Low-income women can get help on how to set up their own bank accounts, read nutrition labels and more through a UCLA Health program.
Women’s Health & Money @ Work, one of the core programs of the Iris Cantor-UCLA Women’s Health Education and Resource Center, aims to educate low-to-moderate-income women in Los Angeles County on financial literacy and nutrition. Snigdha Jayavarapu, an intern at the center and third-year psychology student, said the program is catered to this demographic as these women are more likely to be raising children on their own, often without spousal support.
Julie Friedman, director of the center, said research has shown financial issues are among the greatest sources of stress for low-income women. According to WHMW’s website, the program aims to ease this difficulty for women by emphasizing the importance of both financial literacy and healthy lifestyles.
“Low-income women are faced with a lot of challenges and choices about how to prioritize their payments,” Friedman said. “Do they pay for blood pressure medication or do they pay their rent on time?”
Established in 2016 as part of UCLA Health, the WHMW program was founded to help women all over Los Angeles make these choices. Direct outreach is key in WHMW’s methodology, with the program often holding classes on-site at job training centers and work sites, according to the center’s website.
Sierra Moon, a UCLA alumna who graduated in 2018, began working as an intern during spring and became a project coordinator after graduating. She said her experiences as a human biology and society student motivated her to join the center.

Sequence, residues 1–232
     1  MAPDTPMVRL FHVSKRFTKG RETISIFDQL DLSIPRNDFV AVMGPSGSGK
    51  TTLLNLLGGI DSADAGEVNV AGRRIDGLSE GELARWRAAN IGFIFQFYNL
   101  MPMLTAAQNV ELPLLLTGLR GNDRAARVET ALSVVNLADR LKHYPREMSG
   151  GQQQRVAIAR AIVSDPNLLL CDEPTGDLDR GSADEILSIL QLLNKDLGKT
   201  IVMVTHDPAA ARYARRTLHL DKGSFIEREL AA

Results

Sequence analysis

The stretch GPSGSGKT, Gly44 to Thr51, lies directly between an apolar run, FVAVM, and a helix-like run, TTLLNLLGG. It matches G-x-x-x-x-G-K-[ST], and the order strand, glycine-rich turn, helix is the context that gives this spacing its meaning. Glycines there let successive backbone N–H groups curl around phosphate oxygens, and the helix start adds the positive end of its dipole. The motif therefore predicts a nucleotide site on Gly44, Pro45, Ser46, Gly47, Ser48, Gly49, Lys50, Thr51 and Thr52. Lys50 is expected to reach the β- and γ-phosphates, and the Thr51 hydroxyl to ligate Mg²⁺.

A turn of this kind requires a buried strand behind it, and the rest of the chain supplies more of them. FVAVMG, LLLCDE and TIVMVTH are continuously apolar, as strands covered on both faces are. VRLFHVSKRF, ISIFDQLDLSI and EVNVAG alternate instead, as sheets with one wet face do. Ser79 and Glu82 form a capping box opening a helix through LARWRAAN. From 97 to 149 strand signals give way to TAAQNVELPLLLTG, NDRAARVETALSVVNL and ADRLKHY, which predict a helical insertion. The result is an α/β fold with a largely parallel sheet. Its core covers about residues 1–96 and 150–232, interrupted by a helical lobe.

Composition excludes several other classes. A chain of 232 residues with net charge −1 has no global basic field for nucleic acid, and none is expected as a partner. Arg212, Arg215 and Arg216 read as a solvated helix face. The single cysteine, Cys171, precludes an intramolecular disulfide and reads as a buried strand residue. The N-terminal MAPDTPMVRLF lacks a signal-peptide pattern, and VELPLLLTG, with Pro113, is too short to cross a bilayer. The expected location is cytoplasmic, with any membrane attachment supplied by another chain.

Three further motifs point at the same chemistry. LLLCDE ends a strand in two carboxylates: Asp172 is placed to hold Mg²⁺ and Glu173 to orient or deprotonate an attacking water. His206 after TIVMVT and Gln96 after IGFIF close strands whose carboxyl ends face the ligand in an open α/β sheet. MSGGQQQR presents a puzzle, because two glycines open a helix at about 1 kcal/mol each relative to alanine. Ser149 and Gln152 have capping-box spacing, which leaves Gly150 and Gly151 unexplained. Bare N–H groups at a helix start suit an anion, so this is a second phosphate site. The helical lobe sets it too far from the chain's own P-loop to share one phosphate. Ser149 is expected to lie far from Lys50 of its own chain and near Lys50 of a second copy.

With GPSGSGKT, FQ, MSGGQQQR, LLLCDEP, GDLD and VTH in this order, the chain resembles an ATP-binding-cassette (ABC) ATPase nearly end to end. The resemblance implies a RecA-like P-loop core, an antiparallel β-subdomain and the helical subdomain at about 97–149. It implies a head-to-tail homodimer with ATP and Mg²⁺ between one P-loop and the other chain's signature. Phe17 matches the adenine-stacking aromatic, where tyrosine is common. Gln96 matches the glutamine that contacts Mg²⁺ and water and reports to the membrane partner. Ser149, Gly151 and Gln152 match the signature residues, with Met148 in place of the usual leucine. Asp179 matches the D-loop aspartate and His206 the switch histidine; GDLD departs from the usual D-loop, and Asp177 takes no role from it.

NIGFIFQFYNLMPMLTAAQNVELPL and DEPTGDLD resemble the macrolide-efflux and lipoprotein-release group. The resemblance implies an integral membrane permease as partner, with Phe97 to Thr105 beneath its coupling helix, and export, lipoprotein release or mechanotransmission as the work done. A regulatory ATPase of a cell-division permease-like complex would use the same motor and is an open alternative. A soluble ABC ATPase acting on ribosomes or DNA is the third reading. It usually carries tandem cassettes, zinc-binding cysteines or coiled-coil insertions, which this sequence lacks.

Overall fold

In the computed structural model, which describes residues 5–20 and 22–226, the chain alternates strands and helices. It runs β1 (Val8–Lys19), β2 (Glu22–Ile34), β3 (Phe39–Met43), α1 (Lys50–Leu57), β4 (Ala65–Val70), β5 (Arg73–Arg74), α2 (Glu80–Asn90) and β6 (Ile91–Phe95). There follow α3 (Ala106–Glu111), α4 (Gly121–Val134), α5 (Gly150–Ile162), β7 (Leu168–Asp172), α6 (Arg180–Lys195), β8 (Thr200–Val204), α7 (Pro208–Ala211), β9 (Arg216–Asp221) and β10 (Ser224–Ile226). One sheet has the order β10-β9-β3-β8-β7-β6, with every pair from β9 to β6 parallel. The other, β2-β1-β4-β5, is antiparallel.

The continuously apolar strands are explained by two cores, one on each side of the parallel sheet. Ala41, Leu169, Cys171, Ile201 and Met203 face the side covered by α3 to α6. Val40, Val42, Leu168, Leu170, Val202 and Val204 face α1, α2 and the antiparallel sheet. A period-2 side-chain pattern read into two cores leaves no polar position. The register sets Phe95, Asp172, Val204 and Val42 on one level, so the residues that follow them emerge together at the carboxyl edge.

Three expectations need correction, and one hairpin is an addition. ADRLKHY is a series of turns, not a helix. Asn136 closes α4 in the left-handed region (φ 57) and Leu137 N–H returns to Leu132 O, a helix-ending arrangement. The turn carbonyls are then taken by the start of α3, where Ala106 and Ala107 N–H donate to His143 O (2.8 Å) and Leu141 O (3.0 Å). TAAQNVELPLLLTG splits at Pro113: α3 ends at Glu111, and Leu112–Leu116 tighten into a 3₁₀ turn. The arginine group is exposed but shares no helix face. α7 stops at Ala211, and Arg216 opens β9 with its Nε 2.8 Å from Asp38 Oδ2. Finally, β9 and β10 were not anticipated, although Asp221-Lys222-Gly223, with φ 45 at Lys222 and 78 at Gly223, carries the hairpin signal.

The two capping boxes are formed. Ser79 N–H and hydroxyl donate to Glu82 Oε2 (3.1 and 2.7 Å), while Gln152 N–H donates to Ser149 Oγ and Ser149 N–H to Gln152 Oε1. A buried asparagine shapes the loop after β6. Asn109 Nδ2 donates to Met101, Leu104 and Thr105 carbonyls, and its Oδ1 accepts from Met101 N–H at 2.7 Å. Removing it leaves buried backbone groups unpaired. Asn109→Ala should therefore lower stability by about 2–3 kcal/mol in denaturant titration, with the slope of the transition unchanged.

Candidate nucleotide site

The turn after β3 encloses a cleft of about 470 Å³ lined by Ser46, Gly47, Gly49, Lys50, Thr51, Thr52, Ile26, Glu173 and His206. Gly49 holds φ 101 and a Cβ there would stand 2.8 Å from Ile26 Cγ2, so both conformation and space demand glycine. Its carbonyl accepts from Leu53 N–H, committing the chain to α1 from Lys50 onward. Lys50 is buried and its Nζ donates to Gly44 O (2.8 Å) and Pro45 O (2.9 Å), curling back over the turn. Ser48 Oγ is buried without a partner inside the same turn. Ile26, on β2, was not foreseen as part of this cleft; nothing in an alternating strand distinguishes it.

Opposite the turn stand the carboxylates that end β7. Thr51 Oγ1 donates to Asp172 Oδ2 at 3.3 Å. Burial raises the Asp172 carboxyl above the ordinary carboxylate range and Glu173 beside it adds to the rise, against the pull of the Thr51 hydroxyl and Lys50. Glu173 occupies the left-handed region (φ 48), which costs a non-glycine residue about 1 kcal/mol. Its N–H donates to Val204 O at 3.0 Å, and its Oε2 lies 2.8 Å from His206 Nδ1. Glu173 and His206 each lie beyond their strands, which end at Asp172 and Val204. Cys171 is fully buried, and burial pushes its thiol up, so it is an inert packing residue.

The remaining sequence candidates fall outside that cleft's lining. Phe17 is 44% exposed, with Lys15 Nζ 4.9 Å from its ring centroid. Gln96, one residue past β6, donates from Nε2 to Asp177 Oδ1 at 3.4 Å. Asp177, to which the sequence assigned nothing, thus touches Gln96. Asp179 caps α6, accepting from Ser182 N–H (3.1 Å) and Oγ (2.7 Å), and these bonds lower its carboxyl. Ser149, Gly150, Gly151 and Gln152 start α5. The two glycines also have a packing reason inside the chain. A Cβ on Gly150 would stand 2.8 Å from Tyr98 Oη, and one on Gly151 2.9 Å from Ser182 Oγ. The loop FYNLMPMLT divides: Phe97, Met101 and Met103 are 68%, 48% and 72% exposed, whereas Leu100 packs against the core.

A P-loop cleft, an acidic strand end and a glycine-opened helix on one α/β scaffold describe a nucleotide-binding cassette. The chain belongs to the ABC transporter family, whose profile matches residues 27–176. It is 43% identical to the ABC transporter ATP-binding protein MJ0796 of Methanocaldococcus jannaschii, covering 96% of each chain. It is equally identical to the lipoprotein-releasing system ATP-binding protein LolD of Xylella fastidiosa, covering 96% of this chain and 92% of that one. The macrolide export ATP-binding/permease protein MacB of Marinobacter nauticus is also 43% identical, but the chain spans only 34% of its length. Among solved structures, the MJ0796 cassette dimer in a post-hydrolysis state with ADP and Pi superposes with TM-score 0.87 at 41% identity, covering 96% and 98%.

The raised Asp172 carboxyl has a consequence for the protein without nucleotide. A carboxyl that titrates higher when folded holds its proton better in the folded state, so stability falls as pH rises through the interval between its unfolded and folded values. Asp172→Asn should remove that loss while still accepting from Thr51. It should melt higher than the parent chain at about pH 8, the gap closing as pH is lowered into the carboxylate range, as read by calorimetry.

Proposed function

“I was pre-med and I was really interested in women’s health after doing a lot of papers and taking classes on it through my major. … After learning about the projects they were doing here, I wanted to get involved as much as I could,” said Moon.
Current WHMW programs include financial management classes taken at the Los Angeles Hospitality Training Academy.
“The finance classes teach them how to manage their paychecks so when they get their first paychecks they don’t just spend it. … They learn how to save it and manage it and which bills to pay first,” Moon said.
UCLA student interns are integral to the operations of the program, from administrative work to grant writing, Friedman said.
Daisy Duran, a fourth-year human biology and society student and current intern, chose to work at the center for academic credit.
As the only current intern who is bilingual, Duran has also been able to conduct workshops, which are often held in both English and Spanish.
“I’m very dedicated to helping underserved communities, and just going to the sites I could see how grateful these women are to be receiving this education,” Duran said. “Even I was able to learn things as a college undergrad that I didn’t know before.”
WHMW allows students interested in pursuing careers in health care to explore professional experiences beyond patient care, said Jayavarapu, who joined the center as an intern in October.
“There is patient care, which a lot of students at UCLA who are pre-med and pre-health are interested in, but this is a completely different aspect of it,” Jayavarapu said. “This is public health and public health education. … I have received exposure which I wouldn’t have been able to get in another setting, such as a clinical or a hospital setting.”